Study: Youths’ technology, social media fears


ViacomCBS, parent company of MTV, has released a study, Youth Decoded, which it says is a first-of-its-kind comprehensive global study that provides a foundational understanding of Gen Z and the youth experience today.

Many aspects of teen life are timeless and familiar across generations. However, the digital world has transformed the way today’s young adults communicate and see the world, making them pioneers of a new teenage experience.

Youth Decoded analyses the first truly digital-native generation, those who were born between 1997 and 2012, covering topics including stress, loneliness and mental health; privacy and safety concerns; the ever-changing impact of technology and the evolving concept of work.

Key takeaways include: 

Tech is the Lens Through which they See the World. Gen Z is one of the most educated generations ever. And their appetite for knowledge, coupled with their fluency in technology is opening up new worlds.

  • 9 in 10 say the Internet is a basic human right
  • 7 out of 10 agree being connected to the Internet is as much a part of everyday life as eating and sleeping
  • Nearly 8 in 10 say the first thing they do when waking up is look at their smartphone

The Digital World is Increasing Feelings of Stress and Loneliness. Even though Gen Z is constantly connected through social media and technology, youth today still struggle to build deeper connections, and feel stress is magnified by a constantly “on” digital world.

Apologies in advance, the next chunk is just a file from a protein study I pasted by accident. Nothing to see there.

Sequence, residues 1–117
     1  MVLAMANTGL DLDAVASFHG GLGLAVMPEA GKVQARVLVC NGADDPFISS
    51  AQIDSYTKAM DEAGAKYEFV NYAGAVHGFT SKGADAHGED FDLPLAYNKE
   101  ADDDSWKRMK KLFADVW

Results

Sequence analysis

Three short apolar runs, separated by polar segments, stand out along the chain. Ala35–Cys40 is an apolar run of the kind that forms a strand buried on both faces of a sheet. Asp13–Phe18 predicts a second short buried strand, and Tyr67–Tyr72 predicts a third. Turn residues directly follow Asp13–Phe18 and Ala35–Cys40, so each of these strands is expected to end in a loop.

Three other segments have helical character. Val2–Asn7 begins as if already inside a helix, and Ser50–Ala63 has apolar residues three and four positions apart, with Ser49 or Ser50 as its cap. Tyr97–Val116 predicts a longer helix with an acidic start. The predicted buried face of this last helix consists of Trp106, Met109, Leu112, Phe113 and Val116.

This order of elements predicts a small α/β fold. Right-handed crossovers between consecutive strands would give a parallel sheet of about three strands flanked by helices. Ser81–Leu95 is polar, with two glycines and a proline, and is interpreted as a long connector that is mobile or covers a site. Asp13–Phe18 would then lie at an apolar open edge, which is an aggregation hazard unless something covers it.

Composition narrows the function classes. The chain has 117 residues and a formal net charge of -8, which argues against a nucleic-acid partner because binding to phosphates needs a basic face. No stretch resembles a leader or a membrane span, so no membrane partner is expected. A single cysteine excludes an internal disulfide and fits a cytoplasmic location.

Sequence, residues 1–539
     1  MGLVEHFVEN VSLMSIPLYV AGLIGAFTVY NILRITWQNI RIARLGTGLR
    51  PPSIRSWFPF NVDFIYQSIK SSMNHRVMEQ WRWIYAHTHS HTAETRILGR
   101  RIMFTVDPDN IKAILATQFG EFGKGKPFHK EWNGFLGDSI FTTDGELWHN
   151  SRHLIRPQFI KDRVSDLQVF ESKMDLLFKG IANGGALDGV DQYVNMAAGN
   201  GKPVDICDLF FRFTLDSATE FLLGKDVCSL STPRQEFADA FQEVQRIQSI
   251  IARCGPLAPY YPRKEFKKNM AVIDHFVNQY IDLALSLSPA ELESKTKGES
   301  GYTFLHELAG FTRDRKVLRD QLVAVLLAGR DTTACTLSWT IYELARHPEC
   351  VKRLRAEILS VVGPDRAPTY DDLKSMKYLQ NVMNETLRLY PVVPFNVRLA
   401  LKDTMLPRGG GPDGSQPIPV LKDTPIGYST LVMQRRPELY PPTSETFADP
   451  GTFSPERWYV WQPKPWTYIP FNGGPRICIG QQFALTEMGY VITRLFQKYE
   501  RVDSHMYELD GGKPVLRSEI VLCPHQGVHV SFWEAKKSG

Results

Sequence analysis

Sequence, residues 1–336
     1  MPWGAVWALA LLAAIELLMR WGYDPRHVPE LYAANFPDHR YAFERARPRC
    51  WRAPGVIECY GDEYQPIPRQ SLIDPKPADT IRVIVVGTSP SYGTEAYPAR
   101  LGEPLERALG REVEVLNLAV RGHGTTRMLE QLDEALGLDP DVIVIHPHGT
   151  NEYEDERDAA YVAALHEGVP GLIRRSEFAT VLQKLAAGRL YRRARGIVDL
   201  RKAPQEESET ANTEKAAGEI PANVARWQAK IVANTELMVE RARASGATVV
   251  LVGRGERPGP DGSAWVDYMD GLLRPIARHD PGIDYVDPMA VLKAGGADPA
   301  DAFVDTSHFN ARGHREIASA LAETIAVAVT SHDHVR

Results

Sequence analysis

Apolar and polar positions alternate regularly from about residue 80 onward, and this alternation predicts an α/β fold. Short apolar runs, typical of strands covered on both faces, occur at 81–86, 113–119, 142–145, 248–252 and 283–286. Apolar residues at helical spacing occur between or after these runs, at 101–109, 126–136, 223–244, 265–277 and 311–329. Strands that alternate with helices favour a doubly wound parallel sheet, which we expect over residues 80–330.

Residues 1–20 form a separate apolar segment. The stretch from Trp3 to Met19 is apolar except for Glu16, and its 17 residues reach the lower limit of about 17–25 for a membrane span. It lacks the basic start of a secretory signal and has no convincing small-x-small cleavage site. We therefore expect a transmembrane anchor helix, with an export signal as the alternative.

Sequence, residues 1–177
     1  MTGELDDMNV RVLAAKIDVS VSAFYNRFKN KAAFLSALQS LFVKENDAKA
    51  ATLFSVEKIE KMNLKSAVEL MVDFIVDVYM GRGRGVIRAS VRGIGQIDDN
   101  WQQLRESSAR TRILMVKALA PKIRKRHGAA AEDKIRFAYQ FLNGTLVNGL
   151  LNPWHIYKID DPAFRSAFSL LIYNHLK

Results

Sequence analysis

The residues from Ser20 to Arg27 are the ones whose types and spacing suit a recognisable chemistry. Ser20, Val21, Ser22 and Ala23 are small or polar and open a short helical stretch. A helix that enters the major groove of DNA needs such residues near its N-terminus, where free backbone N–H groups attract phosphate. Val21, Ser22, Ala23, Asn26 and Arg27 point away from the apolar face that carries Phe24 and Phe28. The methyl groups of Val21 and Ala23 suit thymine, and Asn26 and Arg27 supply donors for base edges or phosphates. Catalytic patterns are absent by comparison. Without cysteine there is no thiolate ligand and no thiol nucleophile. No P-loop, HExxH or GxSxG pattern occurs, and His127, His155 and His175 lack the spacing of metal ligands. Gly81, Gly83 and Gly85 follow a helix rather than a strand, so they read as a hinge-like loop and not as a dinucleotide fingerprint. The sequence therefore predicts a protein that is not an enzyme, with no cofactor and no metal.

Social Media Causes Gen Z to Feel “Always On”, leading to:

  • Over 60 per cent say they have more anxiety than someone should at their age
  • Nearly half often feel lonely
  • 3 in 4 say their social media just shows the best parts of their lives
  • 55 per cent admit they spend too much time on social media  

Thanks in part to the digital era, stress is a global epidemic, as:

  • 2 in 5 say they don’t think their mental health is very good
  • 2 in 3 describe themselves as “stressed”
  • 70 per cent worry about what other people think of them

When coping with stress, digital unwinding and creativity using tech are important, as:

  • More than half have used an app to aid relaxation
  • Nearly a quarter have digitally detoxed in the last couple months
  • Over a third have used an app to spend less screen time 

Gen Z Takes Calculated Risks. When it comes to technology, finance and social life, young people today are more in-tune with the real-world risks that are present in everyday life, with nearly 90 per cent describing themselves as cautious.

Data Privacy and Online Caution

  • More than 90 per cent agree the right to find out what information companies are holding about you is a human right
  • More than 8 in 10 worry about the information tech companies are collecting
  • More than 60 per cent agree it’s fine for a company to collect their personal data if the companies are open about what they are doing with it
  • Nearly 3 in 4 have adjusted privacy settings in the last year

Financial Caution

  • Nearly 90 per cent say they always research in advance to make sure they are getting the best price when buying something new